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Alexander Hamilton shocked many, including his wife, Eliza, by confessing publicly of his affair with Maria Reynolds. But understanding why Hamilton would risk his marriage makes us appreciate how deeply Hamilton–and his wife–valued how posterity would judge him. For both Hamiltons, being remembered as an unfaithful husband was far preferable to being thought a corrupt public servant–one who used his government office to enrich himself. Only by openly acknowledging his failures as a spouse could Hamilton preserve his reputation as a virtuous public servant deserving of posterity’s gratitude.

Douglas Ambrose (Ph.D. SUNY-Binghamton) is the Carolyn C. and David M. Ellis Distinguished Teaching Professor of History at Hamilton College in Clinton, NY, where he has taught since 1990. His teaching and research interests include early America, the Old South, and American religious history. His publications include Henry Hughes and Proslavery Thought in the Old South (LSU 1996) and The Many Faces of Alexander Hamilton: The Life and Legacy of America’s Most Elusive Founding Father (NYU 2006), a volume he co-edited with Hamilton colleague Robert W. T. Martin. He has also written numerous articles, book reviews and encyclopedia entries about Southern slavery and Southern intellectual life. Ambrose is one of three co-founders of the Alexander Hamilton Institute for the Study of Western Civilization in Clinton, NY. He is a recipient of Hamilton College’s Class of 1963 Excellence in Teaching Award and the Hamilton College Student Assembly’s Sidney Wertimer Award for mentorship.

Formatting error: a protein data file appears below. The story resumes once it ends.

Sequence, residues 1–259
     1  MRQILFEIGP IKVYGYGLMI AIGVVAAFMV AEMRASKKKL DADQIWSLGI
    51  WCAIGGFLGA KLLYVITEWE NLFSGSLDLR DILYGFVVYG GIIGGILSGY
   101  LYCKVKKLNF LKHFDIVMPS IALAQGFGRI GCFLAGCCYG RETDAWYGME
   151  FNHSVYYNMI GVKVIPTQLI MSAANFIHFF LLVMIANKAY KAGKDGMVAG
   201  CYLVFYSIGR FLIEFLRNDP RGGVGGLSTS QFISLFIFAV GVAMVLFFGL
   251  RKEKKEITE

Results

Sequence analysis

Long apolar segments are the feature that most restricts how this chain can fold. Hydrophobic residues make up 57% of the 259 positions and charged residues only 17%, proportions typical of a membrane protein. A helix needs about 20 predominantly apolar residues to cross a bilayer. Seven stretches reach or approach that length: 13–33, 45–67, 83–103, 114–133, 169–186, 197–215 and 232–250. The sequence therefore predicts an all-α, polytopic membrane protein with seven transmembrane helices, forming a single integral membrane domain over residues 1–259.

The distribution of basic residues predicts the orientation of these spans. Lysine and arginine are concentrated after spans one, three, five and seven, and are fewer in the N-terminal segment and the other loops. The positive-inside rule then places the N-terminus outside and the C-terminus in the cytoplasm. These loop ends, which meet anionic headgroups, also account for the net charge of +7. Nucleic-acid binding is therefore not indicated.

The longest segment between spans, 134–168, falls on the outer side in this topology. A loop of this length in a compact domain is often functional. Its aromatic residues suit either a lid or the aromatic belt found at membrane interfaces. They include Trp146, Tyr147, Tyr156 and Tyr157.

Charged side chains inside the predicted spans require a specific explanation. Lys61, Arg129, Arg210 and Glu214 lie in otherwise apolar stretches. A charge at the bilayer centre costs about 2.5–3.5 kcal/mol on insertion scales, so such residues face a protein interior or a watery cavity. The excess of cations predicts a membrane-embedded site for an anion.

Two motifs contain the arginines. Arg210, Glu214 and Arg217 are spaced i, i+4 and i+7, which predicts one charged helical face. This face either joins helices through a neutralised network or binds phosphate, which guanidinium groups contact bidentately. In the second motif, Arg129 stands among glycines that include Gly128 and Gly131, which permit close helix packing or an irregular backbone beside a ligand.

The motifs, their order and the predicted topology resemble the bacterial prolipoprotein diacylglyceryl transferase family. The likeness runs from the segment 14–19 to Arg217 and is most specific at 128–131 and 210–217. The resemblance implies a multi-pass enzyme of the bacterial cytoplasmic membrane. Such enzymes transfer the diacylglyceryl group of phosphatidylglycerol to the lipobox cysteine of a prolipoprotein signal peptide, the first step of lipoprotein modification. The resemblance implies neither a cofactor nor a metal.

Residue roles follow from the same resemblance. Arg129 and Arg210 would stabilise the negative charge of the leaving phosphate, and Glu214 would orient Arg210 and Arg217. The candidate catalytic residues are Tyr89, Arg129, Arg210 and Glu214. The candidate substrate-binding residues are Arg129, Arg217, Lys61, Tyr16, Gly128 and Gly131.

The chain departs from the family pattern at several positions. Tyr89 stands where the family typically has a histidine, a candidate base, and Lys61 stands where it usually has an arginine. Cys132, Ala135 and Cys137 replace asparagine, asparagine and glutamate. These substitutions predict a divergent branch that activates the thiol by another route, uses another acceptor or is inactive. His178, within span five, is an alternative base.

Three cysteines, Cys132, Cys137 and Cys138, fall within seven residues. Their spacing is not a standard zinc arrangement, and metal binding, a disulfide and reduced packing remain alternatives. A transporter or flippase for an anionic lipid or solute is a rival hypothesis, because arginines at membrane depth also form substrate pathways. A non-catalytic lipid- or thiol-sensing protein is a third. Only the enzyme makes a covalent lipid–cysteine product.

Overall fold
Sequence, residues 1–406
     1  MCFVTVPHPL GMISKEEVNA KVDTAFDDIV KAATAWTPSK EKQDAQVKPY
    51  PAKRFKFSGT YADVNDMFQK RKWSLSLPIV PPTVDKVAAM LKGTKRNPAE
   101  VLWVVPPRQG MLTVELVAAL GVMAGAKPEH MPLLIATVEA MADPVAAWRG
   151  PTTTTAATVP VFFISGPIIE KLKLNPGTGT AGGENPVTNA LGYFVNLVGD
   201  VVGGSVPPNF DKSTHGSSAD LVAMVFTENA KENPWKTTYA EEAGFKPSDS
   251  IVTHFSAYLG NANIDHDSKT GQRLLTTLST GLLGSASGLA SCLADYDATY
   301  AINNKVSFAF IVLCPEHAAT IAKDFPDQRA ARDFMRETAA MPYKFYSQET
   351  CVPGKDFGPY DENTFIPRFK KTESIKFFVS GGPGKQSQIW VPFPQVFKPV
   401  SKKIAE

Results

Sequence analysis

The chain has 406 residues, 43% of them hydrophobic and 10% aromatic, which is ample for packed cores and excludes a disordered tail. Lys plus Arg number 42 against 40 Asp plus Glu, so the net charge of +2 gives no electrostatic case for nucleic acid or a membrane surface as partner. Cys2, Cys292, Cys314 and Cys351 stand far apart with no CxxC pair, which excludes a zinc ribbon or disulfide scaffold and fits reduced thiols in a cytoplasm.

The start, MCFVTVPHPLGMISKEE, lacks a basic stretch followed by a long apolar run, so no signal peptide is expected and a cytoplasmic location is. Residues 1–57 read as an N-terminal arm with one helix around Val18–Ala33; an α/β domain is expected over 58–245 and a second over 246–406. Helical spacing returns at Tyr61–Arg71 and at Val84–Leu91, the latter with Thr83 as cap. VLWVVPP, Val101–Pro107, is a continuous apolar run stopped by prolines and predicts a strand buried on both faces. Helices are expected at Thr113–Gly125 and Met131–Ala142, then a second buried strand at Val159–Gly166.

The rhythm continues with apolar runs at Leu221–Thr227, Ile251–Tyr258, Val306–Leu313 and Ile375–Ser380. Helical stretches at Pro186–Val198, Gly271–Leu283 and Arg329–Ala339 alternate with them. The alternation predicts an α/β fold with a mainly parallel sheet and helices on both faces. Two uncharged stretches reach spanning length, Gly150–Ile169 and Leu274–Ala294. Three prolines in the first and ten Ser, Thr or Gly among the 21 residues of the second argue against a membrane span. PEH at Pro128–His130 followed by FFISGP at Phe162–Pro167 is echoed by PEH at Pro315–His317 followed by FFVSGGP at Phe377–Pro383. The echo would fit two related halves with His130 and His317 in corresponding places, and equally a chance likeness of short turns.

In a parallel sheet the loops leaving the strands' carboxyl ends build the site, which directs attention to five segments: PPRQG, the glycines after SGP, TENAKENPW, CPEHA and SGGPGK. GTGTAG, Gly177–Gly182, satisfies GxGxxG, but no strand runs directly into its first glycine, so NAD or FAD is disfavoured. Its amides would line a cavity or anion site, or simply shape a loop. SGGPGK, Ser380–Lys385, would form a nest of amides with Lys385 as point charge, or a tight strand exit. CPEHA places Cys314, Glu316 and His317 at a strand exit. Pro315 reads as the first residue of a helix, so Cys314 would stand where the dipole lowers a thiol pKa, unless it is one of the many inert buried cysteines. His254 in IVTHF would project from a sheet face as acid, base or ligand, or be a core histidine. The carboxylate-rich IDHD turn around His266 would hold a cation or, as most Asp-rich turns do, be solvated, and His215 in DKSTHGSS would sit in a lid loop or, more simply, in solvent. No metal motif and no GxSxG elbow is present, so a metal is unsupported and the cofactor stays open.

About the Speaker

Doug Ambrose

Doug Ambrose

Douglas Ambrose is a history professor at Hamilton College and the recent recipient of a Fulbright grant to teach American studies in Croatia. Professor Ambrose’s teaching and research interests include early America, the Old South and American religious history. His publications include Henry Hughes and Proslavery Thought in the Old South (LSU 1996) and The Many Faces of Alexander Hamilton: The Life and Legacy of America’s Most Elusive Founding Father (NYU 2006), a volume he co-edited with Hamilton colleague Robert W. T. Martin. He has also written numerous articles, book reviews and encyclopedia entries about Southern slavery and Southern intellectual life. Ambrose is a recipient of the Class of 1963 Excellence in Teaching Award. He holds a doctorate in history from the State University of New York at Binghamton.